Sania Mirza is quietly confident that her ‘new wrist’ will stand up to the rigours of top flight tennis when she plays at Wimbledon, starting on Monday.
The 21-year-old missed the French Open after undergoing a reconstructive surgery on her right — the playing — hand in April and returned to action only a fortnight ago, when she played in the Birmingham grass court event.
Grass, a faster surface, suits Sania’s game. But the speed of the surface also means greater stress on the wrist.
Sania is seeded 32 and placed in the fourth quarter which also features Pennetta of the 128-size draw. She plays the unseeded Colombian Catalino Castano in her opening match against whom Sania has a 1-0 record in the first round at the Pattaya Open in Thailand last year.
The Indian star answered HT’s questions via email on her comeback from injury and her chances at Wimbledon.
You have played two tournaments after your wrist injury. How is your hand feeling?
It is still a little painful on certain movements and is expected to remain that way for a while until what my surgeon calls my 'new wrist' adjusts to the impact of the ball and the complexities of a tennis player's movements. However, the good news is that though there is pain, it is not going to damage my wrist.
How would you assess your play in the two tournaments (Birmingham and Holland) - both in terms of form and fitness? Are you back at your best going into Wimbledon?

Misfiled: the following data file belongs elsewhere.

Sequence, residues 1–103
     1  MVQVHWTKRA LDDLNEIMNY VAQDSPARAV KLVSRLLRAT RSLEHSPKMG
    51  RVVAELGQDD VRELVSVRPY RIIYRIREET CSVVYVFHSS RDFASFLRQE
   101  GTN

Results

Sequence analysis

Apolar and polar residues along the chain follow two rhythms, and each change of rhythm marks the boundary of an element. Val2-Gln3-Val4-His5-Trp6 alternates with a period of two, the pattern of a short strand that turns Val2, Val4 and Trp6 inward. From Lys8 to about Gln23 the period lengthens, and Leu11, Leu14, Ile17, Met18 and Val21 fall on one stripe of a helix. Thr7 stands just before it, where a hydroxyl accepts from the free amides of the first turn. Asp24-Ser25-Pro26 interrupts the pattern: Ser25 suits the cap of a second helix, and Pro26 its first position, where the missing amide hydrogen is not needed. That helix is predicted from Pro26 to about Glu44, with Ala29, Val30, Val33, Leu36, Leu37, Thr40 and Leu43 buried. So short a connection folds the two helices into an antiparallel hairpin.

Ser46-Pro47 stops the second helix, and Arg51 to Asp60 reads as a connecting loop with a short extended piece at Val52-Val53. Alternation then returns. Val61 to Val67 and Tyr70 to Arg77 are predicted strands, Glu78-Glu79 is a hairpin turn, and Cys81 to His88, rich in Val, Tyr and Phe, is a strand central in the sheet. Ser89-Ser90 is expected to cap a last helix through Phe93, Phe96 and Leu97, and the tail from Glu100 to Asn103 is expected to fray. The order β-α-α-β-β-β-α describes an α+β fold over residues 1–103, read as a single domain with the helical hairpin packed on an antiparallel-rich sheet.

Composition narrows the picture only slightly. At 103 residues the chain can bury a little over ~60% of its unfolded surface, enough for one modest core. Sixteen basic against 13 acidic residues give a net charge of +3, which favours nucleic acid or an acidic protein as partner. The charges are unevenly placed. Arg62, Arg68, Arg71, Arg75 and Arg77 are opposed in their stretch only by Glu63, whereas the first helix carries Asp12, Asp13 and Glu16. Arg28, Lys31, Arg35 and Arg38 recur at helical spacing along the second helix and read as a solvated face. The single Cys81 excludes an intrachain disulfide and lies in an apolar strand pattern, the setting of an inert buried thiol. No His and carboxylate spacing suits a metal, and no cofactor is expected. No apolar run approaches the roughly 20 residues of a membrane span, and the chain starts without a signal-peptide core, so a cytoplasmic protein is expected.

I cannot expect to be at my best so soon after a wrist surgery. I played one good match against the world no. 23, Flavia Pennetta in Netherlands, which gives me the confidence that I have still have not lost my abilities. But it is definitely going to take a while before I can consistently play at the highest level.
Who will you play doubles with? Is your partnership with Mahesh Bhupathi on this time?
I will play with Bethanie Mattek in the women's doubles at Wimbledon but I will take a call on whether to play mixed depending upon how my wrist feels just before the sign-in.
How did you utilise the time you got during the injury, apart from doing fitness work and fulfilling other professional obligations?
I worked out a lot in the gym. Apart from this, I spent quality time with family and friends and also went for a pilgrimage to Mecca. I practiced in Mumbai for a couple of weeks before coming to England and enjoyed watching the IPL finals live.
Tell us about your new coach. How is he different from the couple of other coaches you have worked with before?
Sven Groeneveld is a very senior coach, who has been around for more than two decades. I've had the good fortune of working with a lot of top level coaches and each one has helped me to improve in different areas. Each player is unique temperamentally and each one has his or her strengths and weaknesses. Sven understands this.
How good is your dad as a coach? Exactly how would you describe your tennis relationship with him ?
He has a very analytical brain and understands me, my game and my temperament. He was a club level player but has followed the game meticulously for over three decades. He has also worked closely with all my coaches and travelled the circuit with me for a decade, clinically absorbing all the techniques and nuances of the modern game. He is my friend, guide and philosopher and I cherish my relationship with him.
It is a frequent complaint that Indian sportspersons, at least when they are growing up, do not respect their coaches. What is your honest assessment of yourself?
I guess you must ask my coaches this question!